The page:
Under-strength Denmark were within a whisker of upsetting title favourites Japan but faltered at the very end in the quarter-finals of the Vivo BWF Sudirman Cup today.
Meanwhile, Indonesia joined Japan in the semi-finals with a relatively easy 3-1 result over Chinese Taipei. Indonesia face defending champions China in the last four while Japan take on Korea.
Denmark proved a feisty opponent to Japan despite not having their best doubles players.
The Danes took it to the fifth match with the upset of the day. After Kento Momota and Nozomi Okuhara clinched the singles to give Japan a 2-1 lead, the scratch Men’s Doubles pair of Mads Pieler Kolding/Kim Astrup blew a hole in Japan’s campaign with their straight games defeat of world No.6 pair Hiroyuki Endo (below)/Kenichi Hayakawa.
It was Kolding’s second winning show of the day after partnering Sara Thygesen in the opening Mixed Doubles in which they outplayed Kenta Kazuno/Ayane Kurihara, 21-9 16-21 21-13.
“We did everything we could,” said Kolding (below; left), who revealed that his regular partner Mads Conrad-Petersen was injured.
“Kim and I don’t play as a team – we must have played not more than two games in training. I had to play two matches today but I was fresh.”
The scratch Women’s Doubles pair of Line Kjaersfeldt and Sara Thygesen nearly took the tie away from Japan in the final match. Playing fearlessly against world No.1 pair Misaki Matsutomo/Ayaka Takahashi (featured image), the Danes were 19-18 ahead in the third until the Japanese found a couple of last-gasp winners: 19-21 21-7 21-19.
“I’m very proud of my team,” said Denmark coach Lars Uhre.
“We were very brave; two of our men were ill and one was injured. These girls haven’t played together; they’re young and inexperienced and yet we were so close.”
Indonesia had it easier than they might have anticipated against Chinese Taipei.
Mohammad Ahsan and Hendra Setiawan were expected to run into a difficult challenge from Lee Sheng Mu and Tsai Chia Hsin.
However, the Indonesians completely dominated the script, keeping the rallies short and never allowing Lee and Tsai to get any rhythm. Setiawan expertly controlled the front court; his tight net shots forced his opponents to lift the shuttle, enabling Ahsan to employ his big smashes. The 21-17 21-18 result was their sixth in seven matches against Lee/Tsai; all six being achieved in straight games.
Bellaetrix Manuputty stood little chance against Tai Tzu Ying as the world No.4 waltzed past her 21-17 21-17. With the experienced Hsu Jen Hao taking on youngster Jonatan Christie (left), the odds were in favour of Chinese Taipei going 2-1 ahead.
Christie appeared to flag in the third game; on one particular point, with Hsu out of position, he played it safely back enabling his opponent to recover and go 11-7 ahead.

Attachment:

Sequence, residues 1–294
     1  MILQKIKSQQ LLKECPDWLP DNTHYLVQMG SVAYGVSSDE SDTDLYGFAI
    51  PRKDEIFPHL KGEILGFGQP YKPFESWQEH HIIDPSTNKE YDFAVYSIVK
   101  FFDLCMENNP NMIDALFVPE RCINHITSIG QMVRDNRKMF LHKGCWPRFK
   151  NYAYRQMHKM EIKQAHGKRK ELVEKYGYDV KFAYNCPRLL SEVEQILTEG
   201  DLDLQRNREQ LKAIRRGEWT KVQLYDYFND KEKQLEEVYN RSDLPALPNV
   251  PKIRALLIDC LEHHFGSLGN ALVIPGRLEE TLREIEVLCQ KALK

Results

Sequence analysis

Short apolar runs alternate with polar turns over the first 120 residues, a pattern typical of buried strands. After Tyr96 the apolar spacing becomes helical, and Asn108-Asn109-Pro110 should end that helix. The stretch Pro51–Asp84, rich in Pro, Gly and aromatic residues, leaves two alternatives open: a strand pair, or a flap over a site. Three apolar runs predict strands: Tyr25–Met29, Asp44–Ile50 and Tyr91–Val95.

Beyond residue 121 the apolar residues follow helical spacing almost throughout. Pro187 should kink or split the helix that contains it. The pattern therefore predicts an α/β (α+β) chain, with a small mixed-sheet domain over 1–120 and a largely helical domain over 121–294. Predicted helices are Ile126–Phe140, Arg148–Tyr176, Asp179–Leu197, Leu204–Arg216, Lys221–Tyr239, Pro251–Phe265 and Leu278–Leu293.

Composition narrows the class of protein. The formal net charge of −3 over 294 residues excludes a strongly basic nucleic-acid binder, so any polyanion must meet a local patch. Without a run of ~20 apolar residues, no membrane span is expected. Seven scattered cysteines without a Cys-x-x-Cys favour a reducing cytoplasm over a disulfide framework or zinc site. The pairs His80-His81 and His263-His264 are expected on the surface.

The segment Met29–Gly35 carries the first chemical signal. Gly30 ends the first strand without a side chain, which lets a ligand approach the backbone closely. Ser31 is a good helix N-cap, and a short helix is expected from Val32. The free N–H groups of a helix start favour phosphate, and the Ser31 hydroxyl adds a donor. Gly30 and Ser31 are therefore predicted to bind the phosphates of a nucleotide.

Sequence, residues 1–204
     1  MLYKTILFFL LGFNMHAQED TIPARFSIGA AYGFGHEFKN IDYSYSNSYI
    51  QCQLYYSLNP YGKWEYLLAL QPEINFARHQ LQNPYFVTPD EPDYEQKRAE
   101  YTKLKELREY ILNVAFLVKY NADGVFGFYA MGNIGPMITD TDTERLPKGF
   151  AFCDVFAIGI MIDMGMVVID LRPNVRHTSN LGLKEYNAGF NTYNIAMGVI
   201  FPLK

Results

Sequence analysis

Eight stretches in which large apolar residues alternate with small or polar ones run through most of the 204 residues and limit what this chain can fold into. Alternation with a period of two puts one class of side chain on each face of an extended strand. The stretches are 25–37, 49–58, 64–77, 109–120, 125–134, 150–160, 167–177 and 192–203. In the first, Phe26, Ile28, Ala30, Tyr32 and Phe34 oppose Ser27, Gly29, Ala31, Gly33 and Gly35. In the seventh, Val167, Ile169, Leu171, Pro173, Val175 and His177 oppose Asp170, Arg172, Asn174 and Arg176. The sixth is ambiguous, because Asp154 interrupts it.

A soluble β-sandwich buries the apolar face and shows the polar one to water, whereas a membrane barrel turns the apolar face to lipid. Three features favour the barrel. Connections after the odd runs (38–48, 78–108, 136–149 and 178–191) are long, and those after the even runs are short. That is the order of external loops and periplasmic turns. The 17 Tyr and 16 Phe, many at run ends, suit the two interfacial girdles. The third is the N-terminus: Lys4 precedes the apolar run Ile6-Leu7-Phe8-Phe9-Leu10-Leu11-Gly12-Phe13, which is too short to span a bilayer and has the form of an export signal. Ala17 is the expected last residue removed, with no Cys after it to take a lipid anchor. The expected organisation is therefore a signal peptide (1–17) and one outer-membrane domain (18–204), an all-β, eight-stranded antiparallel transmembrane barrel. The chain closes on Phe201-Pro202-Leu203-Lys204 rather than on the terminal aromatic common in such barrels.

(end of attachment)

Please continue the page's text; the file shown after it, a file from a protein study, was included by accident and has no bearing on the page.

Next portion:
With the match disappearing from his grasp, Christie went for broke, smashing at every opportunity to reel off nine points in a row to bury Hsu’s challenge.
“I kept pushing myself when I was down; I kept playing at the net and going for the smash,” said Christie.
“I had to play all-out. I’ve lost to him once and I studied the video. This is my first Sudirman Cup; I want to show that Indonesia has a great young player for the future!”
Greysia Polii and Nitya Krishinda Maheswari ensured the tie for Indonesia with a 21-14 21-9 result over Chen Hsieh Pei Chen/Wu Ti Jung. The Indonesians, champions in the first edition of the Sudirman Cup in 1989, meet nine-time champions China tomorrow.
Polii remained optimistic despite the colossal challenge that awaited the team.
“We want to fight and give our best. This is the team we’ve got; we can only work with what we have. This is China’s home venue, their spectators. But the last time, in 2013, we almost beat them. We (Polii and Maheswari) won the Asian Games gold medal after beating China (Tian Qing/Zhao Yunlei in the semi-finals), so we will take confidence from that. Jonatan (Christie) played well; he contributed to our win today. Anything’s possible on court.”
Group 3 Play-off:
Australia staged a stunning turnaround to beat Austria 3-2 after they were 0-2 down.
Australia lost both singles, but Matthew Chau/Sawan Serasinghe (Men’s Doubles), Leanne Choo/Gronya Somerville (Women’s Doubles) and Robin Middleton/Leanne Choo (Mixed Doubles; above) authored the come-from-behind victory. Middleton and Choo edged past Matthias Almer/Elisabeth Baldauf 21-12 15-21 21-18 to win third place in the group for Australia.
Group 4 Play-off:
Iceland beat Israel 3-1 in a Group 4 play-off for third place. Misha Zilberman beat Kari Gunnarsson to make it 1-1 for Israel, but Gunnarsson returned for Men’s Doubles with Atli Johannesson and stopped Zilberman/Ariel Shainsky 21-11 21-19.
In the same group, Nigeria withstood a Kazakhstan fightback to prevail 3-2 after seeing their 2-0 lead evaporate. Dorcas Ajoke Adesokan/Grace Gabriel won the tie for Nigeria over Ilyana Filipchuk/Veronika Sorokina in the fifth match, 21-19 21-14.
For today’s results, click here.